President Benigno S. Aquino III inspects the security preparations at Villamor Air Base, the Apostolic Nunciature and the Light Rail Transit (LRT) 1 Quirino Station during the dry run on Tuesday night (January 13) of the Papal convoy for the pastoral visit of Pope Francis to the Philippines. With the President is Interior and Local Government Secretary Manuel Roxas II. (Photo by Gil Nartea / Malacañang Photo Bureau)

President Benigno S. Aquino III inspects the security preparations at Villamor Air Base, the Apostolic Nunciature and the Light Rail Transit (LRT) 1 Quirino Station during the dry run on Tuesday night (January 13) of the Papal convoy for the pastoral visit of Pope Francis to the Philippines. With the President is Interior and Local Government Secretary Manuel Roxas II. (Photo by Gil Nartea / Malacañang Photo Bureau)

MANILA, Jan 14 (Mabuhay) – The World Bank further cut its growth projection in 2014 for the Philippine economy that it said was weighed down by the slow government spending,the Washington-based multilateral lender said on Wednesday.

But the local economy is expected to rebound in the next two years, thanks to the realization that government has to spend more for infrastructure, the WB added.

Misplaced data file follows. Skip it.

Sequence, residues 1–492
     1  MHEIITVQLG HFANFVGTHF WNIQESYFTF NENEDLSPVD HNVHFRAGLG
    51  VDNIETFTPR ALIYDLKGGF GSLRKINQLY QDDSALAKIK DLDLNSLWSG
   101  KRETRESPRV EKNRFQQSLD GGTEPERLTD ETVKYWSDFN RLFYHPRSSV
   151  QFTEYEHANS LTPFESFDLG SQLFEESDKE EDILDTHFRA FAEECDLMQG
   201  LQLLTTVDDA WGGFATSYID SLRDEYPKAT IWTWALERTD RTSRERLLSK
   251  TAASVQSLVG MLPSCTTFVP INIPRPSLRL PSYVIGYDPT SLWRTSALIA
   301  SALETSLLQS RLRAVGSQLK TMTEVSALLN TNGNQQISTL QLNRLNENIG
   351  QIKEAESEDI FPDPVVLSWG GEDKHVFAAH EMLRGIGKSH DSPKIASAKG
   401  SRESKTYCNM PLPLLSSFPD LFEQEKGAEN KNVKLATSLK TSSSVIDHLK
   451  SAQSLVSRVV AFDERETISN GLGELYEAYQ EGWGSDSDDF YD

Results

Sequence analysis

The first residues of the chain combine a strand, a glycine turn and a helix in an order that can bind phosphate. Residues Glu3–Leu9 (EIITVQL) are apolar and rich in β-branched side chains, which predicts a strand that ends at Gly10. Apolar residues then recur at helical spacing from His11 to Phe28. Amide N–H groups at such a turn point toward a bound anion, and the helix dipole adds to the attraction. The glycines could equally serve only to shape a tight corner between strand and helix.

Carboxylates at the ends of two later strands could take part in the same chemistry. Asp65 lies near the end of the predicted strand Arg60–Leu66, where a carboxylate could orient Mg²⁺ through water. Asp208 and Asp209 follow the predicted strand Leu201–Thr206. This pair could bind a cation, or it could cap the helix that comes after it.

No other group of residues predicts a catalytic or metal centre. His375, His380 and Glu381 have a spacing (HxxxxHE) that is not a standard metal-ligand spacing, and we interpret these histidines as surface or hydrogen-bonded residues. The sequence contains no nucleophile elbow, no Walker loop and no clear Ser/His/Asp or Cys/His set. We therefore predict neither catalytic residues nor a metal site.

In its latest Global Economic Prospects released Wednesday, the agency said the Philippine economy likely grew by six percent last year, less than one percent lower than the earlier forecast of 6.4 percent.

Lead economist Rogier van den Brink said this was due to “the slowdown in government spending in the third quarter and limited opportunities to raise government spending in the fourth quarter.”

“However, growth is expected to rebound this year and also in 2016… primarily hinged on the ability of the government to fully implement the budget and the Yolanda master plan,” he told reporters in a briefing in Taguig.

The World Bank forecasts a 6.5 percent growth in 2015—lower from the earlier projection of 6.7 percent—and 6.5 percent in 2016.

Other factors that will drive growth include the positive outlook of consumers and businesses, stronger foreign direct investments and falling oil prices, Van den Brink said.

“Much lower oil prices can boost manufacturing and consumption. In fact, the Philippines is one of the biggest beneficiaries of falling oil prices in the world,” he added.

On Tuesday, crude oil prices hit their lowest in almost six years to $45 per barrel as United Arab Emirates, a big  Organization of the Petroleum Exporting Countries (OPEC) producer, stood by the group’s decision not to cut output to tackle a supply glut, Reuters reported. (MNS)